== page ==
Many procurements, such as for software applications and other technology solutions, will involve a well-organized listing of detailed functional and/or technical requirements. 

Traditional Methods of Authoring Requirements

In general practice, there are many ways that organizations craft their detailed requirements. Examples include:

  • Does your system allow users to review discount amounts based upon vendor terms?
  • Can your system provide standard reports for recurring expenditures for consistency with budgeting?
  • The solution should support check and other payment type reconciliation by producing outstanding checklist with ability to look up status.
  • The system must provide automatic generation of general ledger transactions.

These are fine, of course, and bidders certainly know how to answer them, either with a narrative response or, better, with a prescribed codified response, such as "Yes", "No", "Partial", or similar.

Note the mix of requirements formed as questions and others formed as statements. Also note that requirements written this way are focused on the bidder's solution, even to the point of including additional words that create that context, e.g. "Can your system..".

A Better Way to Write Requirements

However, a more versatile approach to writing detailed requirements would be to revise the beginning of each requirement and restructure each requirement as a definitive statement, such as:

  • Ability to review discount amounts based upon vendor terms.
  • Provides standard reports for recurring expenditures for consistency with budgeting.
  • Supports check and other payment type reconciliation by producing outstanding checklist with ability to look up status.
  • Provides automatic generation of general ledger transactions.

Note that the requirements begin with a either a verb ("Provides", "Supports") or a noun phrase ("Ability to"). 

  • Verbs are used to describe desired system capabilities or characteristics.
  • The noun phrase "Ability to" is best used to describe desired functionality that an end user would employ.

Writing requirements in this way provides a number of important advantages.

Brevity and Flexibility

By eliminating the phrasing that establishes context ("Does your system"), the requirements become less wordy. Further, they can be used in a variety of settings where the context is defined by the nature of the activity, e.g. an RFP creates the context of focus on the bidder's solution while a requirements gathering activity creates the context of stakeholder needs and desires. More on this below.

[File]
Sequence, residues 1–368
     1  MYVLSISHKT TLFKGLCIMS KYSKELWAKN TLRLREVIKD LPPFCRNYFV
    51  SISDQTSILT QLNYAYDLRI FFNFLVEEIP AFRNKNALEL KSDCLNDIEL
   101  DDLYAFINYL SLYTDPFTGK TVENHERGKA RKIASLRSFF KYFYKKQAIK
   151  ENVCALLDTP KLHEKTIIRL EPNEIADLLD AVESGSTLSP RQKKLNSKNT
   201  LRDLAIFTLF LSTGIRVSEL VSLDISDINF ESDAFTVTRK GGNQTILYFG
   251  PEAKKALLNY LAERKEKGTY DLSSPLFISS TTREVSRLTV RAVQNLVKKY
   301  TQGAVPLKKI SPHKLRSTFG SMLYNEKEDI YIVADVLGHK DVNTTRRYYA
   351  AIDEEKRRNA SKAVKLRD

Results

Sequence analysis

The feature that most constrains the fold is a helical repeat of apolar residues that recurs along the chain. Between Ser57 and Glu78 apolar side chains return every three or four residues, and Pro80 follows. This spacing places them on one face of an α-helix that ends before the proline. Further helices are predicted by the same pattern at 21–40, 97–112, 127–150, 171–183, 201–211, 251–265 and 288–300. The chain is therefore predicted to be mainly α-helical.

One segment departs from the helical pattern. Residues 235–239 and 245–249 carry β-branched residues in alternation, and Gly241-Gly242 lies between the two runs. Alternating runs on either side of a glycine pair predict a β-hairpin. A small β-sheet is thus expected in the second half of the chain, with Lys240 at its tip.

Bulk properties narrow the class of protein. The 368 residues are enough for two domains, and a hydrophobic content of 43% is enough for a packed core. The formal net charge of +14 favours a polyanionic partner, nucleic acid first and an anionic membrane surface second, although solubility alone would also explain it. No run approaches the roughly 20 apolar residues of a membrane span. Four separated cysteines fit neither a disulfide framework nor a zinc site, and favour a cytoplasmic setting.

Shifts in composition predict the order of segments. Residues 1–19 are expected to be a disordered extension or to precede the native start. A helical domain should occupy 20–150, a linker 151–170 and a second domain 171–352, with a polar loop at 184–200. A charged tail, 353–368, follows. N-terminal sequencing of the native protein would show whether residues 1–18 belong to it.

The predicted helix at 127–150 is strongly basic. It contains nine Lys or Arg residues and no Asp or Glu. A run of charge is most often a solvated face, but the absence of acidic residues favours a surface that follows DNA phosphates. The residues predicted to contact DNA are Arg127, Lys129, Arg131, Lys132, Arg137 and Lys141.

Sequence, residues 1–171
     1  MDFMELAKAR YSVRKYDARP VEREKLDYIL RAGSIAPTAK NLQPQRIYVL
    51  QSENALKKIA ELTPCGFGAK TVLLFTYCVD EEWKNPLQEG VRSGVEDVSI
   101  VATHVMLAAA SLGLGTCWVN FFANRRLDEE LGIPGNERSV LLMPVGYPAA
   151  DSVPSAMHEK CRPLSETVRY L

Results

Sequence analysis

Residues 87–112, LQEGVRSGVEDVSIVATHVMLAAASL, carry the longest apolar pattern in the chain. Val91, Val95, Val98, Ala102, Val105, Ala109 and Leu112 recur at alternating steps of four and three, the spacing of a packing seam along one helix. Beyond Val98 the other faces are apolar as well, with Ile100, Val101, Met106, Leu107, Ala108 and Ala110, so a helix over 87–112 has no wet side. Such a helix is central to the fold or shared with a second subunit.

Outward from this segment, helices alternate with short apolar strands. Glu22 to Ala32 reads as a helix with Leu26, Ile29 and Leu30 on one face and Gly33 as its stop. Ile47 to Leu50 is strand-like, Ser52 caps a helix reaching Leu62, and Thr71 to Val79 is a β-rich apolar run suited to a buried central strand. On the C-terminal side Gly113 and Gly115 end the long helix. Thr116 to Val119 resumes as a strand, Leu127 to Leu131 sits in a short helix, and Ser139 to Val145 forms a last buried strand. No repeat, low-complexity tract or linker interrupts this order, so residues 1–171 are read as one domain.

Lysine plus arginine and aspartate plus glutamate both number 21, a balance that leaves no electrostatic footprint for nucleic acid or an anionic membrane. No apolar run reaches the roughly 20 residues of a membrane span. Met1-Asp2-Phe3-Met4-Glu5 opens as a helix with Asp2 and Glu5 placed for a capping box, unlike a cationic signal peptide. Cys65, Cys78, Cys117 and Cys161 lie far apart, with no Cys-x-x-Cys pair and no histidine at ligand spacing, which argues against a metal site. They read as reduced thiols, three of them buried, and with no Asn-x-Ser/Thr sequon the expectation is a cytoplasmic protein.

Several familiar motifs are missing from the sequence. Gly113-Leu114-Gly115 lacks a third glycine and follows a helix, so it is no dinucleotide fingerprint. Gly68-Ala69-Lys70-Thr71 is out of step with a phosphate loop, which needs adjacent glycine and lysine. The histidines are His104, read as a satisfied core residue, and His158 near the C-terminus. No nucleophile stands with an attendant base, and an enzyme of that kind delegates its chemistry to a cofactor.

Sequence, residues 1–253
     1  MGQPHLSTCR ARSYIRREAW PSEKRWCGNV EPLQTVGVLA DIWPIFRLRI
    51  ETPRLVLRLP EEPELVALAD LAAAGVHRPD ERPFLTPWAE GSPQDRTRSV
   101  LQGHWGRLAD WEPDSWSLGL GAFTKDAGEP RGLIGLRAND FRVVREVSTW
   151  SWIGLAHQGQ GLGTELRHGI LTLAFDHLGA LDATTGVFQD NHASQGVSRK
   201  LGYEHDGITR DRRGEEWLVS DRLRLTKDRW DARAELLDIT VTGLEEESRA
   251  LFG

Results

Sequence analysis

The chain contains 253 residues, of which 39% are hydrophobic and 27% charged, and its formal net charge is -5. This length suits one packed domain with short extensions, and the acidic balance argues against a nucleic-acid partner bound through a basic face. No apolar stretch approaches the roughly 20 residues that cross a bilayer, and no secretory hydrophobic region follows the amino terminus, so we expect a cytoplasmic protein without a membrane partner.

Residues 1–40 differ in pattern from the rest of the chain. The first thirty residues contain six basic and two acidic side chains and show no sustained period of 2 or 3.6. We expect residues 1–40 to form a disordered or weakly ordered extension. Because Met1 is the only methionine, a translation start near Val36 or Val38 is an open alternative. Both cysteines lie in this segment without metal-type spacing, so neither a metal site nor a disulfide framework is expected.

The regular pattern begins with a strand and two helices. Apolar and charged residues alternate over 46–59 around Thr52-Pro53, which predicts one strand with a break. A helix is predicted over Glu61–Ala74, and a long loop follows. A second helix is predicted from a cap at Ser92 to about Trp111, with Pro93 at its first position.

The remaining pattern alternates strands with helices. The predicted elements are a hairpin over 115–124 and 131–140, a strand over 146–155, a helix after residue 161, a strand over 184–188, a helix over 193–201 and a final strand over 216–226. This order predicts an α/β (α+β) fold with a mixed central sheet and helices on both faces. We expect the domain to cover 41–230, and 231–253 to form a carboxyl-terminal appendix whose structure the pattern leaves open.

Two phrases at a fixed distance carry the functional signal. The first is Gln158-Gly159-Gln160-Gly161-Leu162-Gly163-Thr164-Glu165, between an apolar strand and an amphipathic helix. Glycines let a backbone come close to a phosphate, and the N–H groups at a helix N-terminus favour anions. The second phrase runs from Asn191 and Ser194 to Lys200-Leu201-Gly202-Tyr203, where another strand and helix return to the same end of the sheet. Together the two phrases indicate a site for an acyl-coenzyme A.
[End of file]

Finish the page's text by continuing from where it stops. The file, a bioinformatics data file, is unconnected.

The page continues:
Greater Precision in Response and Response Analysis

Detailed requirements that are written as definitive statements lend themselves to more advanced response formats and, therefore, more detailed response analysis. In any RFP, the greater the percentage of detailed requirements written in this manner, the more informative and impactful the response analysis can be.

Detailed Requirement Response Format

Versatility for Use Throughout Solution Lifecycle

In addition to supporting the RFP, detailed requirements that are written as definitive statements AND without the bidder's solution as the focus can be used in the:

  • Early assessment stage to evaluate the scope and strength of a legacy system (an internal fit/gap analysis) as part of building the case for change
  • Procurement planning stage to facilitate requirements gathering from project stakeholders
  • Due diligence and evaluation phase of the procurement
  • Post-implementation stage to validate the functional scope of the installed solution and end-user awareness of the newly available features and capabilities

An example of using requirement statements in requirements gathering is shown below.

Requirements Gathering from Stakeholders

For More Information

Dan Miller, Director of EdgeMarket, dan.miller@njedge.net, 480.258.9665